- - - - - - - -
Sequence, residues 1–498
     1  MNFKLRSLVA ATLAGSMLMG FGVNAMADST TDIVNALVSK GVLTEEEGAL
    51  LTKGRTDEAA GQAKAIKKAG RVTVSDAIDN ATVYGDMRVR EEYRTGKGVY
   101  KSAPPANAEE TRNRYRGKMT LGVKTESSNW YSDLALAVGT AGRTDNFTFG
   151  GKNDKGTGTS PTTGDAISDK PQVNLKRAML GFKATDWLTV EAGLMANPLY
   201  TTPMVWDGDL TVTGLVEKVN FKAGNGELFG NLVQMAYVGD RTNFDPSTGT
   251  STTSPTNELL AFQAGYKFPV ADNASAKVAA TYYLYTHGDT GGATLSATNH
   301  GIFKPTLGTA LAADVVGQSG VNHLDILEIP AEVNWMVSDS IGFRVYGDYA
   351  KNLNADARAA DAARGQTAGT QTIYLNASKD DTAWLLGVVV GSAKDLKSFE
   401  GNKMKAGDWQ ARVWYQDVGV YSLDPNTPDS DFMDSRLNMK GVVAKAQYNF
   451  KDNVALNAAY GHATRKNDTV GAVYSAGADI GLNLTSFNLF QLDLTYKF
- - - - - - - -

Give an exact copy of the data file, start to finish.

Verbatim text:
Sequence, residues 1–498
     1  MNFKLRSLVA ATLAGSMLMG FGVNAMADST TDIVNALVSK GVLTEEEGAL
    51  LTKGRTDEAA GQAKAIKKAG RVTVSDAIDN ATVYGDMRVR EEYRTGKGVY
   101  KSAPPANAEE TRNRYRGKMT LGVKTESSNW YSDLALAVGT AGRTDNFTFG
   151  GKNDKGTGTS PTTGDAISDK PQVNLKRAML GFKATDWLTV EAGLMANPLY
   201  TTPMVWDGDL TVTGLVEKVN FKAGNGELFG NLVQMAYVGD RTNFDPSTGT
   251  STTSPTNELL AFQAGYKFPV ADNASAKVAA TYYLYTHGDT GGATLSATNH
   301  GIFKPTLGTA LAADVVGQSG VNHLDILEIP AEVNWMVSDS IGFRVYGDYA
   351  KNLNADARAA DAARGQTAGT QTIYLNASKD DTAWLLGVVV GSAKDLKSFE
   401  GNKMKAGDWQ ARVWYQDVGV YSLDPNTPDS DFMDSRLNMK GVVAKAQYNF
   451  KDNVALNAAY GHATRKNDTV GAVYSAGADI GLNLTSFNLF QLDLTYKF